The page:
Azho Anni Ha Yeraan

A fellow conlanger (Scott Hamilton, creator of the Riddlesbrood language) sent some pictures my way of some new Dothraki jewelry. Sunnie Larsen and Marcos Duran got each other a joint anniversary present pictured below:

Two Dothraki bracelets.
Click to enlarge.

The bracelets say “zhey jalan atthirari anni” (hers) and “zhey shekh ma shieraki anni” (his). Very nice! They came from Etsy designer rubybliss (I should get me one of them one day…).

In other news, I’m going to be traveling to the following events in the next few months. If you’re nearby, come say M’ath!

There may be some others that come up within this time period, so revisit this post periodically; I’ll update it. Until then, davralates asshekhi yeri!


  1. I’ve been trying to research but can’t seem to find an answer to this…but what is the difference between putting ‘zhey’ in front of the phrases? I’ve seen it included on some sites but it’s never consistent. I’ve listened to some of the episodes and I’ve yet to come across where they say it.

    Mostly curious because my husband and I are wanting to get his and hers tattoos including the phrases. I’m stressing over doing it the right way.

    1. Zhey is a vocative particle. You use it before a name when talking to that person directly. For example, in talking to you in Dothraki in this comment, if I ever were to refer to you by name, I’d say zhey Meghan. It has a secondary use to kind of add a person to a conversation. So, for example, let’s say I was talking to you, and Drogo was listening to the conversation but not really a part of it, I could say (directly to you), “And you can take zhey Drogo into battle with you.” That would be a way of inviting him to the conversation, and letting you know what (a) that’s who that person is, and (b) you should include him in the rest of the conversation.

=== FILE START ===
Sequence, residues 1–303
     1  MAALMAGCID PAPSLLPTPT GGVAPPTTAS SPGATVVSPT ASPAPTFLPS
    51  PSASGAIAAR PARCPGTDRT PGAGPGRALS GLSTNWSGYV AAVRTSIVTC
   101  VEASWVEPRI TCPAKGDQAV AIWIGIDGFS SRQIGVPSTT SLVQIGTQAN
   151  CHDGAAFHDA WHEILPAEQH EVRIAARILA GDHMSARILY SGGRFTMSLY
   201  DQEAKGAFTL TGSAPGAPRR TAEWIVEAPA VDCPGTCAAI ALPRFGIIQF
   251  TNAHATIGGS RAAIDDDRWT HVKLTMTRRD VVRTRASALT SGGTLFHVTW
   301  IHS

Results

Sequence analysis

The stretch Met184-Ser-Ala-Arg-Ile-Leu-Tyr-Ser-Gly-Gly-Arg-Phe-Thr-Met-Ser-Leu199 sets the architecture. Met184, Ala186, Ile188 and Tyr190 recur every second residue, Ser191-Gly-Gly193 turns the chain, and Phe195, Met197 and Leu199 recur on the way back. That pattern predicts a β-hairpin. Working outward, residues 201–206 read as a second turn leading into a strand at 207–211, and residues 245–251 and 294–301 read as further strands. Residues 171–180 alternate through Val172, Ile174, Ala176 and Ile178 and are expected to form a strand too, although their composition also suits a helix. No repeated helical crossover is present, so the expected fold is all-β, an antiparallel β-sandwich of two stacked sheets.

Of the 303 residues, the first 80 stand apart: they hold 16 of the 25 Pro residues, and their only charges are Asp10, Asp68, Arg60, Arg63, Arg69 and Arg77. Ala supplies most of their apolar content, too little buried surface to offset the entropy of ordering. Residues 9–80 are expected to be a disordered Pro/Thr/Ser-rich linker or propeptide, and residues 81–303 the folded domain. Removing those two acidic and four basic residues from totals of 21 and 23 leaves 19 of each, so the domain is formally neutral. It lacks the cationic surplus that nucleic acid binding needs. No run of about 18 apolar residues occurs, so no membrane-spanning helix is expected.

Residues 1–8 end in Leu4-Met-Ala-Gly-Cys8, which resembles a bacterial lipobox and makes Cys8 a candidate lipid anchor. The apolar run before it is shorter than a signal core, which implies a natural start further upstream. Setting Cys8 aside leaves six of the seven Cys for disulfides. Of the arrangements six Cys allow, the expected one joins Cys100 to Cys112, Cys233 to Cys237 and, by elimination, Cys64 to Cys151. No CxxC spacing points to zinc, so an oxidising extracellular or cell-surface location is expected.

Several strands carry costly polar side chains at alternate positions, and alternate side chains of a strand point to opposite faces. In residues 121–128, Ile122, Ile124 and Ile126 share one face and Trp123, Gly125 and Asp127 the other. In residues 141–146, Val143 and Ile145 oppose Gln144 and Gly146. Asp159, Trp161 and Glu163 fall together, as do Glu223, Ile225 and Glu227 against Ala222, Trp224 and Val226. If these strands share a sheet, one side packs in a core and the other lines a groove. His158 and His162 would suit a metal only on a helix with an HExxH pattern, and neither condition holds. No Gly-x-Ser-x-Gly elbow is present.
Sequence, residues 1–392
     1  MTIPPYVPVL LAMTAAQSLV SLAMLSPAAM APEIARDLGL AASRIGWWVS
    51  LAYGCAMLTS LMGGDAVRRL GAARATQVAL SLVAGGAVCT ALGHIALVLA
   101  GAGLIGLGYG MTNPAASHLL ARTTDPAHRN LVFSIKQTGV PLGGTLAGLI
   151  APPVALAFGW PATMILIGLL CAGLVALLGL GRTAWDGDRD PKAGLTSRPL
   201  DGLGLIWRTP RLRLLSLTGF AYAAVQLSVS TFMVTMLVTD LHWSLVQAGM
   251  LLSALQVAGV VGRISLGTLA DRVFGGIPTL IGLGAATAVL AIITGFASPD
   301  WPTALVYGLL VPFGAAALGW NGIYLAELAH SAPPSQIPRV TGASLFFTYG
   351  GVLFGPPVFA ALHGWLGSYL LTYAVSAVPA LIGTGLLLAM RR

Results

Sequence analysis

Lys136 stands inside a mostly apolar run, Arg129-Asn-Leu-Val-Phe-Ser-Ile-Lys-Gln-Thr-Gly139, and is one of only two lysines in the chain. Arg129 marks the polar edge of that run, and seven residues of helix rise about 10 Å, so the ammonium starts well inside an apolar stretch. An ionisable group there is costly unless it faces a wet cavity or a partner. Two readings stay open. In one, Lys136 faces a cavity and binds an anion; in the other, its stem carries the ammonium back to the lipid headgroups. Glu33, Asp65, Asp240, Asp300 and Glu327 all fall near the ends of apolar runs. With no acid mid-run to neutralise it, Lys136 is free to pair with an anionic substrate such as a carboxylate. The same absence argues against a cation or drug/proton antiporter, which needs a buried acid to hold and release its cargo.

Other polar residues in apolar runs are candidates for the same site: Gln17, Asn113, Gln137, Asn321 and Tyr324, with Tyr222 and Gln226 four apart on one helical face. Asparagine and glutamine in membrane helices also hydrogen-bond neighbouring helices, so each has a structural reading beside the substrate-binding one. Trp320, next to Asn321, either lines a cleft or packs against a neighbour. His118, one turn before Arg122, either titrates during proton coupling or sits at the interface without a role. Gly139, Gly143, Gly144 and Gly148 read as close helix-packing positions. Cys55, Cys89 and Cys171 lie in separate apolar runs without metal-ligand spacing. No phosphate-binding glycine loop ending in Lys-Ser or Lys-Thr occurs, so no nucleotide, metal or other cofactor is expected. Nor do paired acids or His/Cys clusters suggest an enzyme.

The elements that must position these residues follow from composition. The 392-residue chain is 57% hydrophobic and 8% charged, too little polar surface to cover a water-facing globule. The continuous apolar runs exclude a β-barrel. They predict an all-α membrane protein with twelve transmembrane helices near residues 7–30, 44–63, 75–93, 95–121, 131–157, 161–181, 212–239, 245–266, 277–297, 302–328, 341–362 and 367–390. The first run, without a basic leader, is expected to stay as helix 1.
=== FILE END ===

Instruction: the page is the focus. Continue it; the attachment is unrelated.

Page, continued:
Does that make sense?

  2. That looks really cool. By the way thanks again to you and Scott for doing such a great job on the Riddlesbrood language. Scott just finished up with the fond for the conlang and its terrific!

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